Iran’s Evin Prison Set on Fire as Protests Spread

TEHRAN— A protest movement against the Islamic Republic entered its second month with no signs of slowing down on Saturday after a fire burned an Iranian detention facility known for housing political detainees, including protestors from the demonstrations sweeping the nation.

Evin Prison has served as a representation of political persecution in Iran ever since it opened five decades ago under the monarchy. Untold numbers of protesters who have marched against the Iranian government since the death of Mahsa Amini, a 22-year-old woman in police custody for allegedly failing to follow a stringent Islamic dress code, on September 16 are being held there, according to authorities.

According to Iran’s state television, violence broke out Saturday between incarcerated demonstrators and the guards at Evin Prison, resulting in the burning down of a sewing shop. In multiple videos posted to social media, smoke could be seen rising from Tehran’s Evin Prison, while gunfire and explosions could be heard.

According to official media, Iranian authorities claimed to have under control both the fire and the convicts within the institution by late Saturday night. Despite no fatalities, eight individuals were hurt, according to state media.

The fire and discontent among the Evin prisoners showed how the Iranian rebellion has grown into the young government of President Ebrahim Raisi’s biggest threat. The demonstrations that followed Ms. Amini’s passing first centered on the country’s requirement that women wear the hijab, or head covering, but they have now expanded to call for an end to the strict Islamic rule that was instituted following the nation’s 1979 revolution.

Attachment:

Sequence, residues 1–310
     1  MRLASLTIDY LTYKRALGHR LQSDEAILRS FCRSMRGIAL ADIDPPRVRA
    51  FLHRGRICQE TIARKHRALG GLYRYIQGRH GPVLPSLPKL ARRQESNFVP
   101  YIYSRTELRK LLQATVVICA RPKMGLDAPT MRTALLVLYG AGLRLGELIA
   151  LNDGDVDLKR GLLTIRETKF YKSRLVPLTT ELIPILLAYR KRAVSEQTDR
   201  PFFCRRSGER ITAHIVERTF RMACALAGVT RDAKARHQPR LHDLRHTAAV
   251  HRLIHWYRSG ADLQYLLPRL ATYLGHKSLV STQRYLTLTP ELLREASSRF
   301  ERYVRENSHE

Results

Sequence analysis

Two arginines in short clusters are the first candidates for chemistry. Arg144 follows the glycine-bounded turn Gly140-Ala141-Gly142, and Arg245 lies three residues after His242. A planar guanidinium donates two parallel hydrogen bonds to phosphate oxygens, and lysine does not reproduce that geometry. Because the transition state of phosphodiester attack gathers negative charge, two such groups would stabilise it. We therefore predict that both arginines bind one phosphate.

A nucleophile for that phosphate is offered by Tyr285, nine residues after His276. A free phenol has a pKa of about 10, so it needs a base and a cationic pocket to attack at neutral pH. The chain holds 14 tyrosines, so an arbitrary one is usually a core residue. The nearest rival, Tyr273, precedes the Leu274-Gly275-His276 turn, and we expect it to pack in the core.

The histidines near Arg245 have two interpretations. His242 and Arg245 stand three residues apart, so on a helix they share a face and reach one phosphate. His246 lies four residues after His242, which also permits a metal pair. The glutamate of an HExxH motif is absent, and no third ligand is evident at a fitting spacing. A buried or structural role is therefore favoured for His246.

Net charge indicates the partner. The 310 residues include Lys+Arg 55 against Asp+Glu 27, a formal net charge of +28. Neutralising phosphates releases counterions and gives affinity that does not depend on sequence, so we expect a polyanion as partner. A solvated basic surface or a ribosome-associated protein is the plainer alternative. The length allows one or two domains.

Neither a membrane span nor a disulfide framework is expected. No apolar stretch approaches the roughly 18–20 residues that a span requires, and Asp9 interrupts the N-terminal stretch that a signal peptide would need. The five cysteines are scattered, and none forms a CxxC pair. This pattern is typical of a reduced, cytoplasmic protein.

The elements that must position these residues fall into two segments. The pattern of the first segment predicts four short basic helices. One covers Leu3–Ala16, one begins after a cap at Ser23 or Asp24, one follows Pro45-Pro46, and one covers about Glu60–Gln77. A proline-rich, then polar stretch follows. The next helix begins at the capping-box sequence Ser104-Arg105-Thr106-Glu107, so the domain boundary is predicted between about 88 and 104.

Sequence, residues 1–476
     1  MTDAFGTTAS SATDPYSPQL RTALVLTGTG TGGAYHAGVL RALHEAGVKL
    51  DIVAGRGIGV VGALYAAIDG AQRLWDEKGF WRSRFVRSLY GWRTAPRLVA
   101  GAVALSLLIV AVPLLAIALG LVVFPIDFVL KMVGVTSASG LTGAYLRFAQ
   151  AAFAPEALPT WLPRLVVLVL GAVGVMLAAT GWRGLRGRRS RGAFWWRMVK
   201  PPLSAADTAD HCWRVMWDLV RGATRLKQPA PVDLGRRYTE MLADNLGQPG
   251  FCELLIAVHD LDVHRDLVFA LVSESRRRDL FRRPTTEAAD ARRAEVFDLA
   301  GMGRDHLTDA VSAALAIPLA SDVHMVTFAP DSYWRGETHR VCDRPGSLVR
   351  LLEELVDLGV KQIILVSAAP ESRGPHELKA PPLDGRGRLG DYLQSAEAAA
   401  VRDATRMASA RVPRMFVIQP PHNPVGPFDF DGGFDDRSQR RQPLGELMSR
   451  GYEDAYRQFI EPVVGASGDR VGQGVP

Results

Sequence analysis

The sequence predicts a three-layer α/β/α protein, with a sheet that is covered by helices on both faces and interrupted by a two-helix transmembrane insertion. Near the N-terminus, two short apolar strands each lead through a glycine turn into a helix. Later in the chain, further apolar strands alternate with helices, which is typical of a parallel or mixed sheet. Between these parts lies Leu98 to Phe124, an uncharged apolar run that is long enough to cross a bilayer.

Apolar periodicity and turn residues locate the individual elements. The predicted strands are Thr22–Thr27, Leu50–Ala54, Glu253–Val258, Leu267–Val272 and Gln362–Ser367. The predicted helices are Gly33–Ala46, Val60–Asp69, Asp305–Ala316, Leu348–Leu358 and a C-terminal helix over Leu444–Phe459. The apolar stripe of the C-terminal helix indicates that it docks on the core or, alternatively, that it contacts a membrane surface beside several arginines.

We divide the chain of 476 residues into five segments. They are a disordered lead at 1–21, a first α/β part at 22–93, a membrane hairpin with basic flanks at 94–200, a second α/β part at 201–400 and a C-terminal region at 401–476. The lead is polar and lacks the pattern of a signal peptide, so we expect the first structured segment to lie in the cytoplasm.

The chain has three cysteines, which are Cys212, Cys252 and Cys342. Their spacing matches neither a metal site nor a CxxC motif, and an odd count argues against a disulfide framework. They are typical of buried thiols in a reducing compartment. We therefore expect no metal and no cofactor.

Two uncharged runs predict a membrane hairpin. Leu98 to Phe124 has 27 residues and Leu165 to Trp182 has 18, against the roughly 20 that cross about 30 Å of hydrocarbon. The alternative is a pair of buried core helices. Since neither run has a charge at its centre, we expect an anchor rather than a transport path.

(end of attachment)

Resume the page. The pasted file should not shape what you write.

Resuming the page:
Late on Saturday, it was possible to observe police on motorcycles and emergency response vehicles traveling in the direction of the prison. In front of the expansive complex, which is situated in a heavily populated region of the capital, protesters also engaged in combat with security personnel, who in response used tear gas.

Locals angry about the safety of the captives were enraged by the authorities’ blocking of the key highways leading to Evin.

The Iranian government has intensified the use of force against the protest movement and severely restricted internet access in an effort to shut down the social media platforms that the demonstrators have used to organize and express their disapproval.

According to the video that Storyful, which is owned by News Corp, the parent company of The Wall Street Journal, has verified, protests continued throughout Iran on Saturday. Other videos posted on social media depict protests in Ardabil, a town in northwest Iran, where a teachers’ group claims a schoolgirl was killed after a pro-regime event devolved into an anti-regime demonstration.

The U.S. Treasury imposed sanctions on Evin prison and its administration in 2018 for “severe human rights abuses.”

As well as harboring outsiders, such as American prisoners of the Islamic Republic, Evin has earned a reputation for doing so. Siamak Namazi has been held at Evin for seven years on espionage-related allegations that Washington has deemed to be unfounded. This month, he received a brief furlough.

Another Evin inmate was Princeton academic Xiyue Wang, who was detained in Tehran in 2016 while looking into manuscripts from a century ago and freed in 2019.

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